Fairies and Elves, Unicorns and Dwarves. It's important to note that here there be dragons--most of them, anyway.
At midnight on her ninth birthday, Alison Marie was crowned Queen of the Nightlands; she decreed that flowers should glow in the dark and that bats should dine with her at supper. At midnight on her tenth birthday, she was named Keeper of the Secret Word, which she whispered to her trusted steed, a giant frog who galloped through the moors. On her eleventh birthday, Alison Marie was worshipped as Goddess of the Sky. She spread her dragon wings each night and breathed the stars to life with fire. But at midnight on her twelfth birthday, Alison Marie became the daughter of a widowed man, and she made no more visits to her other lives.
There is no memory in those worlds, she thought as she touched the cold, papery cheek of her mother's body. And so I shall remain in this world and be a Servant of Death. Objects we have no words for do not exist in the same way as those we do.
That's what the elfmaid said when she handed me the book. She said it slowly, as though I was a child. She said it was the most important thing to understand. She opened her eyes, revealing golden orbs that glittered like stars in the night.
And as the morning sun rose slowly over the northern mountains, black pupils narrowed to slits, and stood like knives, to accommodate the light. Say you've got a problem. Might be big, might be small. Almost always to do with money. Maybe you can't afford to feed your kid. Maybe you can't make the rent. Maybe you've thought about all the different ways to get yourself out of this hole, and they've gotten bigger and crazier--theft and fraud and suicide and murder--and you're just about ready to start trying the worst of them.
Here's what you do. This is a public service announcement brought to you by VFV. Warning: There is a plague of unicorns upon our kingdom. This species has been known to carry off fair maidens and impale those who attempt to slay them.
Whether you are on a royal hunt, or are a sorcerer in need of a magical horn, be aware: unicorns can be cunning, dangerous, and deadly. Do not be fooled by the beauty and elegance of these creatures, nor their air of innocence and purity encouraged by the princess community. They are in fact depraved and horny beasts who breed like rabbits; hence the reason they have overpopulated the forests and now run amuck in small villages, consuming crops and terrorizing the countryside. Those horned stallions have their pick of the best maidens and use magic to seduce them. Worst of all, they trample over the dignity of the common man. All must do their part in ridding our kingdom of this invasive herd. When the Bargain was first made--so the stories went--the leaves on the trees had just turned. The world was dressed in rubies and gold, and autumn rains darkened wood to ebony. But each Bargain lasted a year and a day. As the seasons cycled, the day of sacrifice crept through the winter. This year, a spring ice storm sheathed the sprouting branches and new leaf buds in a silver thaw. From everywhere, crystalline brilliants flashed and winked.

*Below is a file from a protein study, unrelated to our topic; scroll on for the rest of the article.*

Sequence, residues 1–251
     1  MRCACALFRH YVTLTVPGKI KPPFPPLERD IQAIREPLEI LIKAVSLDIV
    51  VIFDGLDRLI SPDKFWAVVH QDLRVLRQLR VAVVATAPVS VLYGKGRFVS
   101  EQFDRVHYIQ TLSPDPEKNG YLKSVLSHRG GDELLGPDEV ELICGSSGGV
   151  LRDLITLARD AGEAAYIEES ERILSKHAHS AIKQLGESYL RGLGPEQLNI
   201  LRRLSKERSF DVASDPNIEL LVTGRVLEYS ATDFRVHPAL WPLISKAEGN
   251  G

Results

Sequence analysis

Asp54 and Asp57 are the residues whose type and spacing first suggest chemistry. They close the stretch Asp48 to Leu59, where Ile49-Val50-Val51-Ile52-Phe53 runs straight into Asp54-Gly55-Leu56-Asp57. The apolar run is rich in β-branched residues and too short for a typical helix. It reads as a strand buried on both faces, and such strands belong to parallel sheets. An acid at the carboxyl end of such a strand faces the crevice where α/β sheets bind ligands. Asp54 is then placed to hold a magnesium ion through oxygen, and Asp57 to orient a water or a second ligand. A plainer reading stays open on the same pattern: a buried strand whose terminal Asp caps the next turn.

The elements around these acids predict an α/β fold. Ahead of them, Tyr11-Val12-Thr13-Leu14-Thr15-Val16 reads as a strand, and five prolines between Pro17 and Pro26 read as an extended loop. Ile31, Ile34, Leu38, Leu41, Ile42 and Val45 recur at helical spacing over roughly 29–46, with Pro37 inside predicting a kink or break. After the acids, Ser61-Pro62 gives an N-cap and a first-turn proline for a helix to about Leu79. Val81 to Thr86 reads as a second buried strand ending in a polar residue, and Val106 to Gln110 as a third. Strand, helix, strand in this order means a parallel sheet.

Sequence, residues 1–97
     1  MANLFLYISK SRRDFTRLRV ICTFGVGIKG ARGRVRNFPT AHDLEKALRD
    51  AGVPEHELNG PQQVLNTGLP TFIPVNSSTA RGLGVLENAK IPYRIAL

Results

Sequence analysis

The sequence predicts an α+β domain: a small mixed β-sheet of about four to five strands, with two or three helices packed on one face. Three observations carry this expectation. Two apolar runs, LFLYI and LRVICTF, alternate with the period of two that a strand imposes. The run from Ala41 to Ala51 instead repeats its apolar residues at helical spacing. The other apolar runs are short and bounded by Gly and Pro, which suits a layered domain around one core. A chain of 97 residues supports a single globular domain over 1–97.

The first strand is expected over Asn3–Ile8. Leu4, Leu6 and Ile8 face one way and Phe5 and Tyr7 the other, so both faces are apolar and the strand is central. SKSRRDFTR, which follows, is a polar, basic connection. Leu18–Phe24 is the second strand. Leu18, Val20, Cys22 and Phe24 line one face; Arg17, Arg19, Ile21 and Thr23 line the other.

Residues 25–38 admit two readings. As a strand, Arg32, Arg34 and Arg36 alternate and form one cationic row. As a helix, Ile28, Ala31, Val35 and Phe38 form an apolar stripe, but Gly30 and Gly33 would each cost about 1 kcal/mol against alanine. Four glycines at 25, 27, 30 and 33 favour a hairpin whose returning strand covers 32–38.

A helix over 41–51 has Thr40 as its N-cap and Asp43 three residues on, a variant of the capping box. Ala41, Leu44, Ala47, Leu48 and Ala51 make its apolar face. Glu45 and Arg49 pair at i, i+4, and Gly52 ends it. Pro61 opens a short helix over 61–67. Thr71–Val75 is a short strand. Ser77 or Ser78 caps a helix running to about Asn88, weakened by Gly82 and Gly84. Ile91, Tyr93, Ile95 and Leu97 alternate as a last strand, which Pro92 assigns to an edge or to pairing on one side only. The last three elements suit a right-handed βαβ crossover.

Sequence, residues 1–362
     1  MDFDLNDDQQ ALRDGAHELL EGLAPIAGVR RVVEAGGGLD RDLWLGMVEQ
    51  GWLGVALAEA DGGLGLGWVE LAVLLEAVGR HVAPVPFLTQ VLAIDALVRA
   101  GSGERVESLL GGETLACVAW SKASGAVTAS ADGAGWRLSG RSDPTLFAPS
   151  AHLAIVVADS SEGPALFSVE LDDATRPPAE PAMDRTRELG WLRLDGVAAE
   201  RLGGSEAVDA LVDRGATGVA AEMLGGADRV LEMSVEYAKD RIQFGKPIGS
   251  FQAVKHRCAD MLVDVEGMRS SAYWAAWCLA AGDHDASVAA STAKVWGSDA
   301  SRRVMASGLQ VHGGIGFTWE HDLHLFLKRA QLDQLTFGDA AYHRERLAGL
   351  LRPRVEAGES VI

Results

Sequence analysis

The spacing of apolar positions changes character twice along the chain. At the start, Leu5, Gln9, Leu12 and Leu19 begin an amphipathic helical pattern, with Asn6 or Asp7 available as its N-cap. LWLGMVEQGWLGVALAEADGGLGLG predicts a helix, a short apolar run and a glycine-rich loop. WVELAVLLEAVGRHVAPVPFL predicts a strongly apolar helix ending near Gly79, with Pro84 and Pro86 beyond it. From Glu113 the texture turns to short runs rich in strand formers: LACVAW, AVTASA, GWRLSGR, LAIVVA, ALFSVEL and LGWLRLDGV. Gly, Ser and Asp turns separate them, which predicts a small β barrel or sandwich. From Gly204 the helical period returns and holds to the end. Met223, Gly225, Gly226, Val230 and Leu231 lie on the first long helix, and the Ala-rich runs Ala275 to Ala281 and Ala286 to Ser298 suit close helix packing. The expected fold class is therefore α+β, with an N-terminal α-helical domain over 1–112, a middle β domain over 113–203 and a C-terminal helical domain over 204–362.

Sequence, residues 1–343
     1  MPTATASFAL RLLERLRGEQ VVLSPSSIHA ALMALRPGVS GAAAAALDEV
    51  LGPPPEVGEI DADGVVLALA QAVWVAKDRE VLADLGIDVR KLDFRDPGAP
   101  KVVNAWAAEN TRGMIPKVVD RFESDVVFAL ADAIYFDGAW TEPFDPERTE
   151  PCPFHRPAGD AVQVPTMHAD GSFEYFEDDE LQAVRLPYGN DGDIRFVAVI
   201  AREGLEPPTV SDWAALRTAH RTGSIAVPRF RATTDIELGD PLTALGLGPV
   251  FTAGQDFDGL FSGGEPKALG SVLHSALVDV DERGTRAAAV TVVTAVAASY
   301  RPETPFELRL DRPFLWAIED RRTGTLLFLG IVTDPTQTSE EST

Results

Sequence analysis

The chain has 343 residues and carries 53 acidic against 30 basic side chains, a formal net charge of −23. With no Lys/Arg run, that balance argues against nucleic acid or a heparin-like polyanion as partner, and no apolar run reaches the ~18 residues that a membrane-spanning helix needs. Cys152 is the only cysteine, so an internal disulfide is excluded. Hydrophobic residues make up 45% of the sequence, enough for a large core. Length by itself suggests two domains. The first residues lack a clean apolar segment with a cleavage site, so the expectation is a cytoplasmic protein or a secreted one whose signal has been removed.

The Sacrifice stood on the approach to the Keep, though neither of them deserved their titles. Enid was just a scared girl, and the keep was less like a dwelling built by men and more like the cocoon of some great larval insect. Brittle, colorless stone dribbled down from an amber-glass dome to grip at the hilltop like the fingers of a keloid scar. The entry causeway stretched before her like the gullet of the great beast she was slated for. "No, sir, I don't think your problem is with the fridge elf." I watched the technician bend his thin frame behind the refrigerator as he spoke, flashing his light through the cooling fan into the inner recess of the unit. "He looks pretty happy. He's got himself satellite TV and a case of Fritos. If the writer's strike isn't over when football season wraps up, you might have a problem, but you should be fine in the meantime. He doesn't have a clue about anything going on around here."
I recalled the nametag on the technician's blue coveralls had read "Ed." Ed shifted to his stomach, peering into the inch between the linoleum flooring and the bottom of the refrigerator. "Ah ha! Just as I suspected," he said triumphantly. Jonathan ate elves because they were high in protein and vitamin B, and he fed them to his wife for the same reason. She was three months pregnant and couldn't stomach most foods; only elves satisfied her without bringing on a ripple of nausea in her belly.
He prepared them for her like a tuna fish sandwich, chopping the cooked meat into small, moist chunks and mixing it with mayonnaise and a blob of sweet relish, then smearing the resulting paste between slices of toasted Wonder Bread. Ellandra followed the unicorn deeper and deeper into the dying wood. She saw it only as flashes of white in the sunlight that filtered through the brown leaves, but it had to be a unicorn. Unicorns maintained the balance in the world, and her land was dying before its time. They couldn't allow this to continue.
Ellandra stopped to rest at every tree, her thin chest aching with each breath. Her legs trembled beneath her, and her hands were weak and clumsy, clutching at crumbling bark. The aviary smelled of a thousand different blossoms, the humid glory of the empire, and under them all the rich earth and the ammonia scents of the imperial parrots' droppings. The empress never took her meals there--the ammonia smell pinched her imperial nostrils, interfered with the perfect balance the imperial chefs created for her meals--but often she would walk there after, listening to the cacophony of the parrots.
Each spoke a different language. Each language was sweet in her ears, for each reminded her of the people who once had spoken it and now were gone, crushed under the boots of her soldiers and burnt to ashes by the lightning of her sorcery corps. In the days when fairies were still to be found in the world, and wishes could come true, there lived a wishwriter and his wife. The wishwriter was a clever man, but plain, and born with a twisted back that made him stoop. His wife was beautiful, gentle and generous, and she loved him just as he was.